X hits on this document





18 / 61

The history of the human landscapes of New Guinea


one of in situ development of food-plant promotion and management in the highlands under a cold, highly variable environment subject to severe drought stress particularly during the late glacial transition period (14,500–8500 BP, Haberle 1998).

Despite the high fire activity at the end of the last glacial period the driving force behind forest expansion into grassland overrides the persistence of fire activity such that, in all sites that cover the early Holocene, we find swamp forest dominated by Syzygium, Pandanus and some gymnosperm taxa developed around wetlands in the valley floors. The relatively high biodiversity and resource value associated with swamp forests, including the high density of utilisable Pandanus species (P. antaresensis, P. brosimos/julianettii complex; Haberle 1995) may have led to these environments being a focus of human activity throughout the Holocene.

The appearance and spread of ‘agriculture’ in the highland valleys is covered elsewhere in this volume. However the earliest indications of ditching within a mosaic of forest and grassland around 9000 BP (Denham et al. 2003; Haberle 2003), accord remarkably well with the transition to ‘modern’ Holocene climates, points to the possibility that expansion of clearing and plant manipulation was partly environmentally controlled. By 7–6000 years ago the lower parts of the major highland valleys were cleared and would have looked similar to their appearance in 1933 (minus sweet potato cultivation). It is possible that the early Holocene was a time of more reliable climates, the El Niño-related drought and frost being much rarer (Grove & Chappell 2000). This would have rewarded experimental taro and banana planting and water manipulation (Denham et al. 2003, Denham et al. 2004).

Above and below the intermontane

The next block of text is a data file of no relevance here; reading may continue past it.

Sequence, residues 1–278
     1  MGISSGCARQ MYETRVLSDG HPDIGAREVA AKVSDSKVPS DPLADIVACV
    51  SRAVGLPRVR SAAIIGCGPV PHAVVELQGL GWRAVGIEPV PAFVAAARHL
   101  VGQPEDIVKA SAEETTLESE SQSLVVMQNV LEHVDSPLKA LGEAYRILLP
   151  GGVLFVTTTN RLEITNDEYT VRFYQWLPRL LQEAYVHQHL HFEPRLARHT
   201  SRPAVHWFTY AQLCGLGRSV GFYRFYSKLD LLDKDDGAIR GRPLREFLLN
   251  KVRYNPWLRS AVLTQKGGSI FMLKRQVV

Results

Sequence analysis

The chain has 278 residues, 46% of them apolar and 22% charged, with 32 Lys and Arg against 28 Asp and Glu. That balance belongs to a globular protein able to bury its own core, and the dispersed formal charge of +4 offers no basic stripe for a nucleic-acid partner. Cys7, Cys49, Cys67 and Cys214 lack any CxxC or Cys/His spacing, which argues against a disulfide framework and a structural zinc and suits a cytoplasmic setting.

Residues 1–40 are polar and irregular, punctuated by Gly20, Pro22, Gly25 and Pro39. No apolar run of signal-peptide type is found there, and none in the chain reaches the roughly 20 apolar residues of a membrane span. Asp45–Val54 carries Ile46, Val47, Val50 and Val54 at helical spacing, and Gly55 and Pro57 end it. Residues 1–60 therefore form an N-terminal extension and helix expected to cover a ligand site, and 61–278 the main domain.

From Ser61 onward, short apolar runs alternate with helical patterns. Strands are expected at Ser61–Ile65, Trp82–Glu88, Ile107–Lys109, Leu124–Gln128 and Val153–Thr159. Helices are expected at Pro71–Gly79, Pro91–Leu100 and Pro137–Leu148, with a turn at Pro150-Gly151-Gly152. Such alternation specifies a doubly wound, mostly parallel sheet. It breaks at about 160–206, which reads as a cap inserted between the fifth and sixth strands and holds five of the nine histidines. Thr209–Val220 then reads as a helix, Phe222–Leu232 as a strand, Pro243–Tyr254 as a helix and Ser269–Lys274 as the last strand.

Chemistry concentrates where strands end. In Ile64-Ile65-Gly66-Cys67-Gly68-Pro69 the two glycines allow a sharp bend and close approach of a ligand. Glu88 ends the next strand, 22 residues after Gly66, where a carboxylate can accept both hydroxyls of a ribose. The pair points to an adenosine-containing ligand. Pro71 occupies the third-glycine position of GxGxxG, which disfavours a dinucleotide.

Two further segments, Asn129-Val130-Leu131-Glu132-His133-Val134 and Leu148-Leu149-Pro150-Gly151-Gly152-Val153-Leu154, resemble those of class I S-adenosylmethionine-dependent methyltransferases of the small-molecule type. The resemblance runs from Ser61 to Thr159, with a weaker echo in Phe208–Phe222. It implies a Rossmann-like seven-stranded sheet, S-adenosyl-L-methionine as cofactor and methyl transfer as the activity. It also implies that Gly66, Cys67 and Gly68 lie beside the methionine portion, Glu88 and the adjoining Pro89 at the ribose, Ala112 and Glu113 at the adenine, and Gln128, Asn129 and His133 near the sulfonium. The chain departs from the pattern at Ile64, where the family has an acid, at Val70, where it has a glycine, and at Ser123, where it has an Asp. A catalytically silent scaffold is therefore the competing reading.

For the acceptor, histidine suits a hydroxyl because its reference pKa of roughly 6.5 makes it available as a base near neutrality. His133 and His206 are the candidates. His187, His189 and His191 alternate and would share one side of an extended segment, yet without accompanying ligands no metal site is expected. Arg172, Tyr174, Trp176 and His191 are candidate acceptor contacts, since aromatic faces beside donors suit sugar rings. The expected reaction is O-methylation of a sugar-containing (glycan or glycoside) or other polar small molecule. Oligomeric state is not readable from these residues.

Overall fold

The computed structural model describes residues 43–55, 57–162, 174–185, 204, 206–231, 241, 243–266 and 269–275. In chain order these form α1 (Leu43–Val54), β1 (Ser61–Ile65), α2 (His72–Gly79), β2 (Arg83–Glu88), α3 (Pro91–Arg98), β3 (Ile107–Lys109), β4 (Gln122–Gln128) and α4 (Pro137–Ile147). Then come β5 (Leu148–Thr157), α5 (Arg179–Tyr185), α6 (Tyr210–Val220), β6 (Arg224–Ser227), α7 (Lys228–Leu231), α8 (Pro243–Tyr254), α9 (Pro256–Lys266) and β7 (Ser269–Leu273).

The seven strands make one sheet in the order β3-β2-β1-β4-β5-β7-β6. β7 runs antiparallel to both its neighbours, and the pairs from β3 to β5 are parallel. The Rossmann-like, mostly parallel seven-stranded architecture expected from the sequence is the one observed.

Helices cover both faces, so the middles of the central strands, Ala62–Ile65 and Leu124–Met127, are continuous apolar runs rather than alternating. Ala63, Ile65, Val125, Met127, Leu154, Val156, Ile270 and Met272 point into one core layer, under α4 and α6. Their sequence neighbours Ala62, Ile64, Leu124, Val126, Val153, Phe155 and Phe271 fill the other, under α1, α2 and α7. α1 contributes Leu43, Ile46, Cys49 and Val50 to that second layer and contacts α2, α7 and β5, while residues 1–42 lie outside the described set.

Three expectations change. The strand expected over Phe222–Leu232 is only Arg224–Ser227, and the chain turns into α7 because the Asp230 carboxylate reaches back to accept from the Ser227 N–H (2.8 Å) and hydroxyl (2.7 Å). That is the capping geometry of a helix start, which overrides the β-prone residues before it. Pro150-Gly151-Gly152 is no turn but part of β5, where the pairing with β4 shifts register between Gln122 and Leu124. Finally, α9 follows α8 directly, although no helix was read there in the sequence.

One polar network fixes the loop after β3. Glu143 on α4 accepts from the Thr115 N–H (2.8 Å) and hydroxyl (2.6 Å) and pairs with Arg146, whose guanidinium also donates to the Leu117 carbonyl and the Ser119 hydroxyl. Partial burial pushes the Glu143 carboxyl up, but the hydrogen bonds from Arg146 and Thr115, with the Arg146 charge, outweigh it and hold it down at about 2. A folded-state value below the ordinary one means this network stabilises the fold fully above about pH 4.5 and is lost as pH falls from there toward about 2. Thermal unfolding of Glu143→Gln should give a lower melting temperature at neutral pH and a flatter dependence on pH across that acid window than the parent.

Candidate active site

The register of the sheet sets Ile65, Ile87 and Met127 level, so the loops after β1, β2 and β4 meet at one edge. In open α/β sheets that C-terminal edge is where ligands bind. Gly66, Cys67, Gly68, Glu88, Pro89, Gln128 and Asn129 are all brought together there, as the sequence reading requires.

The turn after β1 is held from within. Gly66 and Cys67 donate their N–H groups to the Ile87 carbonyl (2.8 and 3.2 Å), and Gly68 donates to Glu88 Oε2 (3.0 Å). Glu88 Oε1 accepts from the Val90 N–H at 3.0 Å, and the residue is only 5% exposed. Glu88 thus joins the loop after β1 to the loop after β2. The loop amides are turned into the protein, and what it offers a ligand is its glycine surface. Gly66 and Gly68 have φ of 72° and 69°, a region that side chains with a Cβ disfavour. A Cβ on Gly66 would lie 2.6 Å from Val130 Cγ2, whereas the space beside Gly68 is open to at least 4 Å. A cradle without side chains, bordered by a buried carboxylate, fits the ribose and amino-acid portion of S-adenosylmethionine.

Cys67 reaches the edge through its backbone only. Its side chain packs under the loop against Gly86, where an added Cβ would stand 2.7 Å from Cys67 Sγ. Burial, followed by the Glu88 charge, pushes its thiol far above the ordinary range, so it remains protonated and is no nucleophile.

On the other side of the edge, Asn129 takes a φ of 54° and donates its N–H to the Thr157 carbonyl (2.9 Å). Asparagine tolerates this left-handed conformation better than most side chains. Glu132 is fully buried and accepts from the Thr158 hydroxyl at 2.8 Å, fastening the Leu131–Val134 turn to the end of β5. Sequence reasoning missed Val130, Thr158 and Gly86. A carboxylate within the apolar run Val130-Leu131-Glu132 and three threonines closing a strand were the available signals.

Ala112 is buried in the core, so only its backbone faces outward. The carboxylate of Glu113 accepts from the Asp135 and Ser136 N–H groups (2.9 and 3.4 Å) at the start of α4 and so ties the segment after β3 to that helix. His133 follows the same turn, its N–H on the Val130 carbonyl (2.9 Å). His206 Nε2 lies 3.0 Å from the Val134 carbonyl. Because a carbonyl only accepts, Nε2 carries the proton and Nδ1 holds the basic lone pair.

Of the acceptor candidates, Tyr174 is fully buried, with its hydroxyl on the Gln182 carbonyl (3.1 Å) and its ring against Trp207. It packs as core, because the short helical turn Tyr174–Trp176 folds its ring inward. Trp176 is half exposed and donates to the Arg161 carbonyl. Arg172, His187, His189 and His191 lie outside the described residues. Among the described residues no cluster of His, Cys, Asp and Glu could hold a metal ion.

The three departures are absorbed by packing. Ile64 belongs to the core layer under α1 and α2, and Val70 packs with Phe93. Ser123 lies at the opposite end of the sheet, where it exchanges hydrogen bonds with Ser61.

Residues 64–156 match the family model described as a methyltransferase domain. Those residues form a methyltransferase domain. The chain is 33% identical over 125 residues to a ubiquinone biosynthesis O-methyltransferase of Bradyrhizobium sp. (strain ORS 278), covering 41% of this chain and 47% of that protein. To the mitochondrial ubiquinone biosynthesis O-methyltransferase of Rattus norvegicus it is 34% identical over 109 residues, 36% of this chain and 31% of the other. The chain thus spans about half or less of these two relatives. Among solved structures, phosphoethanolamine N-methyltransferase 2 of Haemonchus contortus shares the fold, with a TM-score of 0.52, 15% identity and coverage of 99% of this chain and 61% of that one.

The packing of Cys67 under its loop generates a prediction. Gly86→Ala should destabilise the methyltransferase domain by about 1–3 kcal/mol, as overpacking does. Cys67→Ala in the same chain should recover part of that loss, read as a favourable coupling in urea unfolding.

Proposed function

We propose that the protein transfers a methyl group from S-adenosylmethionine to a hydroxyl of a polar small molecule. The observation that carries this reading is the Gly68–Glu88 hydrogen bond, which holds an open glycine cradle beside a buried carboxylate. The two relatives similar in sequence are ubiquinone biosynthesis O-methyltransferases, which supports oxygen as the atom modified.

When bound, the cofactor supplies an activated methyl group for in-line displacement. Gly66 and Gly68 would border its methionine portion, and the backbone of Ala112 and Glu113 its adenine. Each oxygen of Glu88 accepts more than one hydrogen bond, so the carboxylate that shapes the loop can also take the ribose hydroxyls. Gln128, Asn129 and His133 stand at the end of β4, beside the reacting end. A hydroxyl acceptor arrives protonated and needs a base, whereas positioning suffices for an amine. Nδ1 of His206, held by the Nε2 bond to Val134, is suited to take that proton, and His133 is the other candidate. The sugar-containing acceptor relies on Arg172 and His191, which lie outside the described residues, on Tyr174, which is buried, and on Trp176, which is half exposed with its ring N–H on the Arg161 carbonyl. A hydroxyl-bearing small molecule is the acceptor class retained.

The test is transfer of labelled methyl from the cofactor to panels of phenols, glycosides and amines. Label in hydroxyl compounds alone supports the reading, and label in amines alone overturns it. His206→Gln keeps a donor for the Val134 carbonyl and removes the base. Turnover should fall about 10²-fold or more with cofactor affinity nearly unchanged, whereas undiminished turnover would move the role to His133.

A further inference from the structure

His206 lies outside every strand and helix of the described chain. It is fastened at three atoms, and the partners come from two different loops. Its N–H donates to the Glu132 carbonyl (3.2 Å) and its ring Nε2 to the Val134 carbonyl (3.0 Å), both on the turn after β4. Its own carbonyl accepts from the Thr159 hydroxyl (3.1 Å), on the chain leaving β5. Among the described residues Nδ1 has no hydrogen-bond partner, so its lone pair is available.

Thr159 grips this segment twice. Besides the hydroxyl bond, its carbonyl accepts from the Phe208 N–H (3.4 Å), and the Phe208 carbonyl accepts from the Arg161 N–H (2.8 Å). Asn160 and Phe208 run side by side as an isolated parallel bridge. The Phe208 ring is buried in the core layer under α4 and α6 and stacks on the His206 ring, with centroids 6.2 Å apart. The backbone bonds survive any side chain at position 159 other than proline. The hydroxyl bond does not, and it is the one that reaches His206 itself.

In the areas around the great highland valleys the records are very varied. Subalpine areas near Mount Albert Edward, and north of Mount Trikora record fire almost as soon as the ice retreats, and pollen diagrams show continuing disturbance to the present day. At Mount Jaya firing starts about 11,000 years ago and the Mapala rockshelter records hunting from 5500 years ago that resulted in the extinction of a small wallaby (Thylogale christensenii). Hope et al. (1993) speculate that pressure of hunting allowed the copper ringtail possum (Pseudocheirops cupreus) to expand into the subalpine niche. This hunting post-dates the development of large human populations at lower altitudes. Other mountains, such as Mount Wilhelm, experience clearance only within the last millennium, apparently associated with rising limits to agriculture (Corlett 1984).

Isolated valleys and lower montane sites generally are cleared in the middle or late Holocene. For example Sirunki, on the Wabag divide at 2500 m altitude is cleared about 4500 BP (Walker & Flenley 1979). Telefomin on the other hand has at least three clearance events, reverting to dense forest between each one (Gillieson & Hope 1989). The Jimi Valley, at around 800 m, was cleared about 3000 years ago but clearance in isolated valleys near it is less than 300 years old (Gillieson et al. 1989).

The lowlands

Considering the long period of occupation of the coast and lowlands (O’Connor & Chappell 2004), it is curious that the disturbance history resembles that of the highlands. Expansion of grasslands occurs in the Lake Sentani region at 11,200 BP (Hope 1996) and it is likely that this also applies to the seasonal woodlands of the Markham Valley as Lake Wanum records burning from the base of a core dated to ca 9000 BP (Garrett-Jones 1979).

Document info
Document views290
Page views290
Page last viewedSun Jan 15 10:27:59 UTC 2017